Warning: what follows will make your skin crawl—literally. It is a disturbing condition that causes victims to develop open sores that won’t heal, sprout strange, brightly colored fibers, and feel sensations of something moving, stinging and biting under the skin. Sufferers have experienced fatigue, memory loss, impaired vision and joint pain.
But perhaps most troubling is the fact that the medical profession hasn’t even been able to agree whether it’s a real disease or its alleged sufferers are just delusional.
While doctors and scientists are hesitant to call it a legitimate new illness, reports of the phenomenon, known as Morgellons, are spreading. The Morgellons Research Foundation, or MRF, reports that 12,596 families have registered with them so far, mostly from Texas, Florida, and California. Reports have now begun to come in from Canada and Europe as well. Mary Leitao, whose son developed the condition after complaining of “bugs,” formed the group to help the affliction gain legitimacy in the medical community.
The strange blue, green, red and black fibers, also described as wires or threads, are the most striking characteristics tying together alleged cases of Morgellons. Leitao coined the disease’s name herself after finding accounts of a disease by that name involving “harsh hairs” in the 17th-century medical researcher Sir Thomas Browne’s “Letter To A Friend.”
The CDC is conducting an investigation into the phenomenon, at present labeled an Unexplained Dermopathy, together with Kaiser Permanente’s Northern California Division of Research and the U.S. Armed Forces Institute of Pathology.
The study, being conducted in three stages, began in January. Participants will undergo clinical evaluations, including general, dermatological, and mental health exams, skin biopsies, multiple blood tests and urine samples.
“We have no data on it at this point,” said CDC spokeswoman Lola Russell. “This is an initial investigation. This is population-based research, a descriptive study, to help us learn more about people who may have been affected by this condition. We have now begun the process of quantifying it and qualitatively looking at it.”
Russell said she could not comment on any new developments or clues as to what the strange fibers or crawling sensations could be.
“We’re not commenting on any of that, because we don’t know any of that,” she said. That’s why we’re doing research and tests. We’re not even at that point yet.”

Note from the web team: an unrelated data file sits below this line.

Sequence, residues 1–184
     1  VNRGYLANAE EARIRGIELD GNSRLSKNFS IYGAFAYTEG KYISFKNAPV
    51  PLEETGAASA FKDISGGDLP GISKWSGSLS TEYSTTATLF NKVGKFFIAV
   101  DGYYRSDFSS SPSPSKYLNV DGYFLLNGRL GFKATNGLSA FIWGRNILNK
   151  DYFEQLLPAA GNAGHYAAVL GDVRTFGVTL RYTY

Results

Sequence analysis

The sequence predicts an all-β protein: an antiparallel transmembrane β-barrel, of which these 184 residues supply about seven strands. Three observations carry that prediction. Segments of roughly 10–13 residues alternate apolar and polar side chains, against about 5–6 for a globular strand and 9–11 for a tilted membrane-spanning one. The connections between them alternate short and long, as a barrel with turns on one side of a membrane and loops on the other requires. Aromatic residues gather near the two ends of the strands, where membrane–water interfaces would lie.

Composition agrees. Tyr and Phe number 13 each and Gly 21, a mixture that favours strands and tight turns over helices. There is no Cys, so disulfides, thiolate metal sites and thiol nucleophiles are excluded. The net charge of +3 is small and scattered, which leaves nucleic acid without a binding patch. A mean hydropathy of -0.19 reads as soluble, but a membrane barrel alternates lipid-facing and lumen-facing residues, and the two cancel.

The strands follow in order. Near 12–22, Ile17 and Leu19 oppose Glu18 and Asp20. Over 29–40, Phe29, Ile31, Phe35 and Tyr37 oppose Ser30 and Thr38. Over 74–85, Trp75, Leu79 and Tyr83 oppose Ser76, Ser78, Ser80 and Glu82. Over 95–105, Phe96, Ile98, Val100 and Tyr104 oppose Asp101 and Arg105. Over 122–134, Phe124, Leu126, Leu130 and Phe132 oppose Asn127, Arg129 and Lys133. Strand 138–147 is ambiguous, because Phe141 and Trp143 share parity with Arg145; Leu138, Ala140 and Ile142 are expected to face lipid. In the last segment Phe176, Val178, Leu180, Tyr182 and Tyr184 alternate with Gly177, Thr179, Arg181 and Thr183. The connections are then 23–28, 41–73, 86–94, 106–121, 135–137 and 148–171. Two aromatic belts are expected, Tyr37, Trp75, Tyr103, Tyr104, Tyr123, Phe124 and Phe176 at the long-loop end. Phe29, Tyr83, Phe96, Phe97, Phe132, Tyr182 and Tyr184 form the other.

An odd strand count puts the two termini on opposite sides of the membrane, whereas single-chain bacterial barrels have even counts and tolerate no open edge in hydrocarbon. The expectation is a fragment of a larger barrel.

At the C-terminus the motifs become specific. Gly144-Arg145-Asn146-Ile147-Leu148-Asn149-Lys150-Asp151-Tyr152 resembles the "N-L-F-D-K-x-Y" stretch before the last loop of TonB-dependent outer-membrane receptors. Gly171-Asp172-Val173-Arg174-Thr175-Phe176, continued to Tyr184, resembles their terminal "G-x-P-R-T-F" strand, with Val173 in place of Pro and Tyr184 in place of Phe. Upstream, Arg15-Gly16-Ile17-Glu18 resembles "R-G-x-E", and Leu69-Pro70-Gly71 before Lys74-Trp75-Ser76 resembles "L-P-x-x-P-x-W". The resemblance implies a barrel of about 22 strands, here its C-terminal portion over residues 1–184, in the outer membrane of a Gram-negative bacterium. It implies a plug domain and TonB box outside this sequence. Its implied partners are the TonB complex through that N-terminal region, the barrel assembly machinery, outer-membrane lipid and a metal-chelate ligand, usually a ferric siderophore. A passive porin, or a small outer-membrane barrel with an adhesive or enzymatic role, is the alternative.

No information is available yet as to whether or not the condition is parasitic, what treatment options may be, or how people can protect themselves. Russell said that the CDC hopes to have data to share with the public by next January.
“That’s still open,” she said. “This is something that we’re looking into and we hope to find more information about it. It’s unknown at this point. It hasn’t been specifically linked to any infectious agent. These are questions that for the moment, we don’t know the answer to. It’s very new.”
It should come as no surprise that such an unacknowledged medical mystery has spun several conspiracy theories. Some Morgellons speculators have been calling the disease a government “inside job.” They hypothesize that the condition might have originated in “chemtrails,” allegedly jet contrails used to test out new agents of biological warfare.
Russell said the CDC could not respond to such allegations.
“The CDC does not have a position on this. We don’t know anything about the condition, we’re looking to find out more about it,” she said. “We’re trying to even describe it, to even give details on it…if there is a condition that fits this description, if there is a protocol for it.”
The National Institutes of Health has launched a new Undiagnosed Diseases Program to deal with mysterious conditions like Morgellons.
“Morgellons may come up in this particular study, but it will not be exclusively about that,” said Kelli Marciel of the NIH’s Office of Rare Diseases.
Russell said that if there are suspicious factors or patterns in the illness, there will be follow-up studies.
The difficult part of trying to scientifically pin down Morgellons is that most of what is known about it comes from self reports by those affected. There is no official protocol for it or any type of systematic surveillance. The majority of information on it so far has been collected by the Morgellons Research Foundation’s registry. The CDC received roughly 1,200 inquiries about it in 2007, according to the transcript of a January media briefing.
The very lack of information about Morgellons is what makes it all the more unsettling for the general public.
“We’re working with science here, not opinion,” said Russell. “So our scientists are working very hard at something that has been of concern to a number of people and we’re dedicated to finding out as much as we can about it.”
The Morgellons Research Foundation and Dr. Joe Selby, Director of the Division of Research at Kaiser Permanente, could not be reached as of press time.
-Stephanie Wynalek is pursuing a bachelor’s degree in journalism and media studies at Rutgers University.
Source: AFF Doublethink Online | Andrew Stiles
Source: AFF Doublethink Online | Kathlyn Ehl